Structural and thermal evolution of the South Tibetan Detachment shear zone in the Mt Everest region, from the 1933 sample collection of L. R. Wager
Published:April 17, 2019
David J. Waters, Richard D. Law, Michael P. Searle, Micah J. Jessup, 2019. "Structural and thermal evolution of the South Tibetan Detachment shear zone in the Mt Everest region, from the 1933 sample collection of L. R. Wager", Metamorphic Geology: Microscale to Mountain Belts, Silvio Ferrero, Pierre Lanari, Philippe Goncalves, Eugene G. Grosch
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Microstructural and petrological data from >60 samples, collected by L.R. Wager in 1933, have been used alongside existing data to investigate temperature gradients and deformational style in four profiles across the South Tibetan Detachment shear zone, over a north–south distance of 35 km in the Mt Everest area, east-central Himalaya. The ductile shear zone, defined on petrographic criteria, extends for c. 900 m beneath the brittle Qomolangma Detachment (QD). New thermobarometry from the north flank of Mt Everest reveals a gradient from 440°C at the QD down to samples recording peak conditions around 650°C, 5.5 kbar. The upper limit of leucogranite sheets forms an approximately isothermal surface at 600–650°C within the developing shear zone. The recrystallized grain size of quartz shows a systematic increase down-section in four transects. Profiles of deformation temperature reveal gradients of up to 200°C km−1 whose formation and preservation required a combination of processes: a shear zone active for a short period (≤18–15.5 Ma) at high strain rates, with a component of vertical shortening, and a contribution of latent heat from emplacement of sheeted granites. The likely horizontal displacement was >40 km, with up to 10 km of vertical exhumation.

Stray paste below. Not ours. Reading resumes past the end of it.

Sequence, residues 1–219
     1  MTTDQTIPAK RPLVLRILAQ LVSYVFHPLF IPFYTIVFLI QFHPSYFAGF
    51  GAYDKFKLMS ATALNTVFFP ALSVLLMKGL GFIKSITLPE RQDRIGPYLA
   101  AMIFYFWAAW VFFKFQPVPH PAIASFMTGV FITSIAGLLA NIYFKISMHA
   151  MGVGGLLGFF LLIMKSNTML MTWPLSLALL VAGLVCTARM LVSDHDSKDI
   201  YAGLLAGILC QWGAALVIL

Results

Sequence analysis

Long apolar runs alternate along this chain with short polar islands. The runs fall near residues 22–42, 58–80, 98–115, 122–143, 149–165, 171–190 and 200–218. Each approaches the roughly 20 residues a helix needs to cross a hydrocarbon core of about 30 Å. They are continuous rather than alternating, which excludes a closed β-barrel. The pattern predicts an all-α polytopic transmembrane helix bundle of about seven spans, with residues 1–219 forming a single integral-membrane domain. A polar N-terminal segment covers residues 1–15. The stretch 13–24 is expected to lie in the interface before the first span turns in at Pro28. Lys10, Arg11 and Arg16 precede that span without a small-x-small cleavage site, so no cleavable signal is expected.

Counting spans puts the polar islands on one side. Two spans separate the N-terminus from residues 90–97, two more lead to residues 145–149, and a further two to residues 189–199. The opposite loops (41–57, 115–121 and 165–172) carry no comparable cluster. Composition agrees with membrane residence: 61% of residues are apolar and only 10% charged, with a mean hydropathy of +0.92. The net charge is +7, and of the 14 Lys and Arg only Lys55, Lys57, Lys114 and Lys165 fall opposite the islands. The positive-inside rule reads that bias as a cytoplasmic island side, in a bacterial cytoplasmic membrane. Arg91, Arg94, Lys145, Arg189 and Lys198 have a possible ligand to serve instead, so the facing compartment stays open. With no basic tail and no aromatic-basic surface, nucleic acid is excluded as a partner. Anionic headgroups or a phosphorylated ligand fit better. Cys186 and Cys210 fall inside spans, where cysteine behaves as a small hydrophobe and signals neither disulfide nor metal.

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Metamorphic Geology: Microscale to Mountain Belts
CONTAINS OPEN ACCESS
In Earth evolution, mountain belts are the loci of crustal growth, reworking and recycling. These crustal-scale processes are unravelled through microscale investigations of textures and mineral assemblages of metamorphic rocks. Multiple episodes of metamorphism, re-equilibration and deformation, however, generally produce a complex and tightly interwoven pattern of microstructures and assemblages. Over the last two decades, the combination of advanced computing and technological capabilities with new concepts has provided a vast array of novel petrological tools and high-resolution/high-sensitivity techniques for microanalysis and imaging. Such novel approaches are proving fundamental to untangling the enigma represented by metamorphism with an unprecedented level of detail and confidence. As a result, the first decade and a half of this century has already seen the tumultuous development of new research avenues in metamorphic petrology. This book aims to provide a timely overview of the state of the art of this field, of newly developed petrological techniques, future advancements and significant new case studies.